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    Improvement of Dredged Sediment Using Air Bubbles or Carbonized Sewage Sludge

    Published: 2012

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    The geotechnical utilization of dredged sludges has been an important issue in Japan, with the aims of utilizing limited natural resources efficiently and minimizing the volume of wastes to be disposed of. Prior to their reuse, sludge materials with a high water content might be subjected to some physical/chemical treatment such as dehydration and/or stabilization/solidification in order to improve their engineering properties and achieve the required durability and strength of earthen materials. These technologies usually require either or both treatment plants (e.g., dehydrator) and chemical agents (e.g., cement) and consume a certain amount of materials and energy. In this study, two environmentally friendly improvement methods for dredged sludge are newly proposed. The first one allows the use of micro air bubbles to enhance water evaporation by air drying without any dramatic change in soil properties. This method can also have the advantage of low cost. Liquid limit tests have been conducted on specimens with various initial water contents that were mixed with and without air bubbles and cured for certain periods. Under conditions simulating air drying in the field, the water content decreased more rapidly in the sludge mixed with air bubbles than the sludge without air bubbles. A decrease in water content induced by mixing with air bubbles also contributed to the lowered liquid limits of the dredged sediments, which implies a lower water holding capacity. In another method, porous carbonized sewage sludge (CSS) with water absorption and deodorization capacities is employed not only to reduce the water content of the soil matrix of the sludge but to reduce the level of ammoniacal odor that is caused by the cement stabilization of organic-rich sediment. Experimental results indicate that CSS showed the expected performance to a certain degree and prove the validity of this method for the improvement of soft clayey soils.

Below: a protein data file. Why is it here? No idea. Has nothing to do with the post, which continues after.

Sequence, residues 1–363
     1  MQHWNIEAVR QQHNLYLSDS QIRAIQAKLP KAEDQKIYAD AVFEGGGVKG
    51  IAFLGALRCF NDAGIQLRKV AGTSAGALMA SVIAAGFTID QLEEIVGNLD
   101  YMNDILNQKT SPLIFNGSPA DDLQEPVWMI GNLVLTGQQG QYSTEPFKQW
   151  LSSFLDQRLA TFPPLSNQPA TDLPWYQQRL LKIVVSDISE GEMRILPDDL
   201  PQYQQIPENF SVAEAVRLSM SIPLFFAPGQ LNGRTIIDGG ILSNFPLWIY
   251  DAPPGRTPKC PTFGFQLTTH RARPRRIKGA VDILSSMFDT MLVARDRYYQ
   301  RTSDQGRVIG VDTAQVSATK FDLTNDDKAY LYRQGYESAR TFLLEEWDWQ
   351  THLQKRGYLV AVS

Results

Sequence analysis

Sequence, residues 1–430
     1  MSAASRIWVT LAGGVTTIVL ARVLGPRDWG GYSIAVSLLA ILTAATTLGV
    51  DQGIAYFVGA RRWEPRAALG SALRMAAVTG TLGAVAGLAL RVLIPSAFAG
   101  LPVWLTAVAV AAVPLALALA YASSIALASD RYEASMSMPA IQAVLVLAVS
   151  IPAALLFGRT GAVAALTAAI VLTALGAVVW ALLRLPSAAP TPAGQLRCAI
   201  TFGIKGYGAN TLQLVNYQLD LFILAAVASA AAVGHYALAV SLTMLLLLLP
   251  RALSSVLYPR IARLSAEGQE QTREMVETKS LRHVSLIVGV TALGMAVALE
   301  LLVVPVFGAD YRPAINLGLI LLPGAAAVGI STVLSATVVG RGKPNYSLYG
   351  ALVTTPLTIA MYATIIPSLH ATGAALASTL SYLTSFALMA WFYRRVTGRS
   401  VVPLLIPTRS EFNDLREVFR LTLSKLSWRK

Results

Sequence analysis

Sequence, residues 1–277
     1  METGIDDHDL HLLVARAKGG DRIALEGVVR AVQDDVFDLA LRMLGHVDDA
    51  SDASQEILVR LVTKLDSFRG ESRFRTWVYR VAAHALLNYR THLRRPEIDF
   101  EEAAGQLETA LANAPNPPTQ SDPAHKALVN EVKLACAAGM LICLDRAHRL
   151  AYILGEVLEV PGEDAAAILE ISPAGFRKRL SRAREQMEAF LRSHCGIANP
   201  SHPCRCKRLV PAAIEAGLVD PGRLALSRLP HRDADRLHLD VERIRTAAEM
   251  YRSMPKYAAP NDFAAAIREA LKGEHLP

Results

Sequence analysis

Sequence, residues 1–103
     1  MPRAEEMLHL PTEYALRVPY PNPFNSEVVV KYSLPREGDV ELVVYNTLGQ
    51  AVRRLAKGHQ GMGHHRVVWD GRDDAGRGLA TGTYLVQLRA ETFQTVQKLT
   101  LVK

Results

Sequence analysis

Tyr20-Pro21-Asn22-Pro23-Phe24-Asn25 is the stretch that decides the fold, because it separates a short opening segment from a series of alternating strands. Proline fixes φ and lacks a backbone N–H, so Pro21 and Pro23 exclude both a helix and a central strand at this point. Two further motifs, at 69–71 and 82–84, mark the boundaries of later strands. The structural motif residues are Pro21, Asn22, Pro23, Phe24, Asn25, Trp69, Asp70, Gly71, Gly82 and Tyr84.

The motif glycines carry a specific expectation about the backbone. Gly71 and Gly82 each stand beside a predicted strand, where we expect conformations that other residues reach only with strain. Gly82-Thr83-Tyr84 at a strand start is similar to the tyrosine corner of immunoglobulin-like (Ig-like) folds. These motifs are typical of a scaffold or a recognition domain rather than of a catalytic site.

dredged sludge, water content, air bubbles, carbonized sewage sludge

    Author Information:

    Inui, Toru
    Kyoto Univ., Kyoto,

    Ikeda, Kazuki
    Kyoto Univ., Kyoto,

    Katsumi, Takeshi
    Kyoto Univ., Kyoto,

    Mizuno, Katsumi
    Daiko Kogyo Co. Ltd., Osaka,

    Kamon, Masashi
    Kagawa National College of Technology, Takamatsu,

    Committee/Subcommittee: D18.25

    DOI: 10.1520/STP104301